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Introducing Nadia Sirota!

What’s your name?

My name is Nadia Sirota. Sirota is actually a Russian surname that means orphan, though I’ve heard that in different slavic languages the exact definition ranges from orphan to vagrant to just “poor.”

Where are you from?

I was born in Boston, where I lived until age nine. I then moved to a suburb of New Haven for three years, then to Baltimore for five. I come from a family of East Coast academic itinerants.

How did you come to the viola?

As a little kid I was fiercely competitive with my older brother, who, at 6 and a half years older then me, was a pretty elusive target. We both started by playing violin and he switched to viola around age 14. I followed suit a few years later when I turned 13 and realized that it was a far cooler instrument than the violin.

Are you a Juilliard student?  Were you?  Or do you now work as part of the studio?

I graduated Juilliard in 2006 with both a Bachelor’s degree and a Masters degree. For my undergrad I studied with Heidi Castleman and Misha Amory. For my Masters, I studied with Heidi and Hsin-Yun Huang.

Tell us about one of your favorite performances?

I experienced a real performance epiphany at the 2006 Airwaves Festival in Reykjavík, Iceland. This festival isn’t super genre-narrow, but it certainly is not predominantly a Classical Music festival. I was there performing in support of Nico Muhly, a composer, friend, and colleague I met at Juilliard who’s been a constant collaborator since college. He had written me what amounts to a 14-minute viola sonata, which I found myself performing in a hot, smokey venue in front of hundreds of whisky-soaked standing spectators. As I performed, the audience was completely rapt, and at the end of the piece they showed there enthusiasm in an arrestingly visceral way. They didn’t care that the piece was a viola sonata or that it was conceived for the concert hall, they took the music in and appreciated it for its beauty, energy, and emotion. This concert sort of changed my whole approach to performing, to concert flow, and to programming.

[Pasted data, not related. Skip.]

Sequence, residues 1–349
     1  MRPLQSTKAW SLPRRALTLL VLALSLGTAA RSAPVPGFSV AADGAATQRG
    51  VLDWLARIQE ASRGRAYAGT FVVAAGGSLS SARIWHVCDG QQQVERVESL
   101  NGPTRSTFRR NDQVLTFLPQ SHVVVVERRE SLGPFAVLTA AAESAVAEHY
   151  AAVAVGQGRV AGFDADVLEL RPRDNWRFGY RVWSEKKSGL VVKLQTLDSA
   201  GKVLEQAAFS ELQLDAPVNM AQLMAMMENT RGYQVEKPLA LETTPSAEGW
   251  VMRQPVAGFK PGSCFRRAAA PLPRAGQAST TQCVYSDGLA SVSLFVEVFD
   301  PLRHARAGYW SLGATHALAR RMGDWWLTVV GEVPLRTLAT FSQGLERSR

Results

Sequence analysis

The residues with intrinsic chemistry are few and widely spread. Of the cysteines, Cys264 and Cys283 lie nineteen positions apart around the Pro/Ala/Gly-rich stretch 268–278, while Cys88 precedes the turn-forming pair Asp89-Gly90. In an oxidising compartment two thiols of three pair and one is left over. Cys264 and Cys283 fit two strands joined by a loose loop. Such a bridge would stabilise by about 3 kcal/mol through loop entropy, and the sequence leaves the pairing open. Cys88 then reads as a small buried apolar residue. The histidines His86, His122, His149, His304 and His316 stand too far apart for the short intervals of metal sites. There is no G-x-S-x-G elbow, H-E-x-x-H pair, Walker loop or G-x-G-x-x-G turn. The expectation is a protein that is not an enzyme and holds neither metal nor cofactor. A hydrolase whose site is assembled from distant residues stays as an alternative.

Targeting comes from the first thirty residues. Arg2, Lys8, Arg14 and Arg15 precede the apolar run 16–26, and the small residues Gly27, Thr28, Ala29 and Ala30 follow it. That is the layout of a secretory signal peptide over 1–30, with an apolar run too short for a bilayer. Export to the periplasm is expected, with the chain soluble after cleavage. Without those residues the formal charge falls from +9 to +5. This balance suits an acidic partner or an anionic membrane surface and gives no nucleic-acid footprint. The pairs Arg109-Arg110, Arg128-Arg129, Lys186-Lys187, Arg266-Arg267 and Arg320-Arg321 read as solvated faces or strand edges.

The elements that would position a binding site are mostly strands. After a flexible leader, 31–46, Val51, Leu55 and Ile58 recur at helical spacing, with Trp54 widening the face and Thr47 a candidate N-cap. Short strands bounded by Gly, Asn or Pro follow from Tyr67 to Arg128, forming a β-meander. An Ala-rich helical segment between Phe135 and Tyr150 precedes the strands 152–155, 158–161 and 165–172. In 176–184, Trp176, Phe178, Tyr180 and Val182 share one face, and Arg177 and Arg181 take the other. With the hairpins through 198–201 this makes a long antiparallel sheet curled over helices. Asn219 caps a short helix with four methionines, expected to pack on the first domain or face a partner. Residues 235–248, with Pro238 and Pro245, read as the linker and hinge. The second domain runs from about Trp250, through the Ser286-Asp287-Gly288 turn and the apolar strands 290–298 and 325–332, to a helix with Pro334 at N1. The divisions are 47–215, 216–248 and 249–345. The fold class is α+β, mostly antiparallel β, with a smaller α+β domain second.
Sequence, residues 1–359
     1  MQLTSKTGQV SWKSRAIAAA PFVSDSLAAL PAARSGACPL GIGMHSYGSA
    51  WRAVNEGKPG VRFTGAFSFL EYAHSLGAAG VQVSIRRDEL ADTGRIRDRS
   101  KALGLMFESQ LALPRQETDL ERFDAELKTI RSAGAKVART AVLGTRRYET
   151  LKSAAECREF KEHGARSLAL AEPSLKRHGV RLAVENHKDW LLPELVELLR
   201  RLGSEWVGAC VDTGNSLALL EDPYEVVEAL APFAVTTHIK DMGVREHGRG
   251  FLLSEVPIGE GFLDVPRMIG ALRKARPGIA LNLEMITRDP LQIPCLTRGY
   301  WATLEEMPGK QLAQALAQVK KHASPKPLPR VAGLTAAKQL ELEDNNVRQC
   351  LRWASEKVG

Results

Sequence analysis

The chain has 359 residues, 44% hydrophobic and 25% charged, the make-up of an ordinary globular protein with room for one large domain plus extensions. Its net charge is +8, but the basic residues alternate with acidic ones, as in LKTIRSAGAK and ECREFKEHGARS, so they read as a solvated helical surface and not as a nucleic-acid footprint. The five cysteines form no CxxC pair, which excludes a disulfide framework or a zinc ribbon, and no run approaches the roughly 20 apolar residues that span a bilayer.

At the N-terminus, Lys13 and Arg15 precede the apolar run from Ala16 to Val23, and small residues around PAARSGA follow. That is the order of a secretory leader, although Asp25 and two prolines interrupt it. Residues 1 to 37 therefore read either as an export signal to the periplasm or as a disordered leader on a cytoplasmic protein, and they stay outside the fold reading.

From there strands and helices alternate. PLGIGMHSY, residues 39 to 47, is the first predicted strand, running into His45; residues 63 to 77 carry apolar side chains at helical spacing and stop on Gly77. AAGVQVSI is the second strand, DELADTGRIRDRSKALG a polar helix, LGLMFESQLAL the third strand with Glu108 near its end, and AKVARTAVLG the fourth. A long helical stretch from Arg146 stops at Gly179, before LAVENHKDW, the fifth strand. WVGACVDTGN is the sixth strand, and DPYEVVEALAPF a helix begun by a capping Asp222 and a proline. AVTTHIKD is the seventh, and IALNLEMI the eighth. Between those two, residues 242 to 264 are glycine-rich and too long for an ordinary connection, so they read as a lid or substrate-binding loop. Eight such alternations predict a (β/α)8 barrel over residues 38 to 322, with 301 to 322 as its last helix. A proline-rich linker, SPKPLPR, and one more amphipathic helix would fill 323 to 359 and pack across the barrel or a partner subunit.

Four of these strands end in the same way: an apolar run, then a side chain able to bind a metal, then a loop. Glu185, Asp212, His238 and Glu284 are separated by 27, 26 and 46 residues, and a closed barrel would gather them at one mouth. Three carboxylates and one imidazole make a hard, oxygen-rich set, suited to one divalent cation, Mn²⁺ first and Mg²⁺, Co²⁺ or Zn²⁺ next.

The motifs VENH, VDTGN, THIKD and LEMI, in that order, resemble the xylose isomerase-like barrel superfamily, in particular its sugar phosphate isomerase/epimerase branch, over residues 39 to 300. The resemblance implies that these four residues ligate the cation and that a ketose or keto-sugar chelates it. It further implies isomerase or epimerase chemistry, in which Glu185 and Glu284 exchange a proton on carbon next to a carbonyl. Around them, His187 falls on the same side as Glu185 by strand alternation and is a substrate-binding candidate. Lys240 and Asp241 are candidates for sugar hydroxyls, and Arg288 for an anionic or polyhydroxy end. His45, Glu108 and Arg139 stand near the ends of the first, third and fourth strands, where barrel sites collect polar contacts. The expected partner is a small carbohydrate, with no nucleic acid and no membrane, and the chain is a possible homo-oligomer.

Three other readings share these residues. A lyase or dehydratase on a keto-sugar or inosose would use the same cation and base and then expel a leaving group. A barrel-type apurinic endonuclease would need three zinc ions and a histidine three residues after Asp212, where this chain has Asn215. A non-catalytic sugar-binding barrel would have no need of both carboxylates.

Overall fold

If you could perform any viola piece, what would it be?

I am SO EXCITED to perform this NUTSO piece I am commissioning from Irish composer Donnacha Dennehy. If all goes according to plan, it’ll be a 45-minute piece for viola, six viols, and just-intoned electronics based on Irish plainchants about the solstice. I am beside myself.

If you could play any non-viola piece, what would it be?

If I could play and non-viola piece, it would be the Stravinsky violin concerto!!! And actually maybe the Barber violin concerto.

Who made your viola and how did you get to be the one playing it?

My viola was made by Gregg Alf in 2002. I was looking for an instrument and became slightly obsessed with my friends VIOLIN, which has tonal characteristics I was looking for in a viola. I asked about her maker, tried a couple of Gregg’s instruments and fell in love.

Do you have any secret skills?

If an overabundance of Christmas Spirit counts as a secret skill, I am one talented lady.

You are forced by the United States Government to not practice for a day.  What do you do with yourself?

If I was forced by the US Government not to practice for a day (?), I’d love to go to Spa Castle in New Jersey and soak and steam forever.

Do you have a website?

My website is nadiasirota.com


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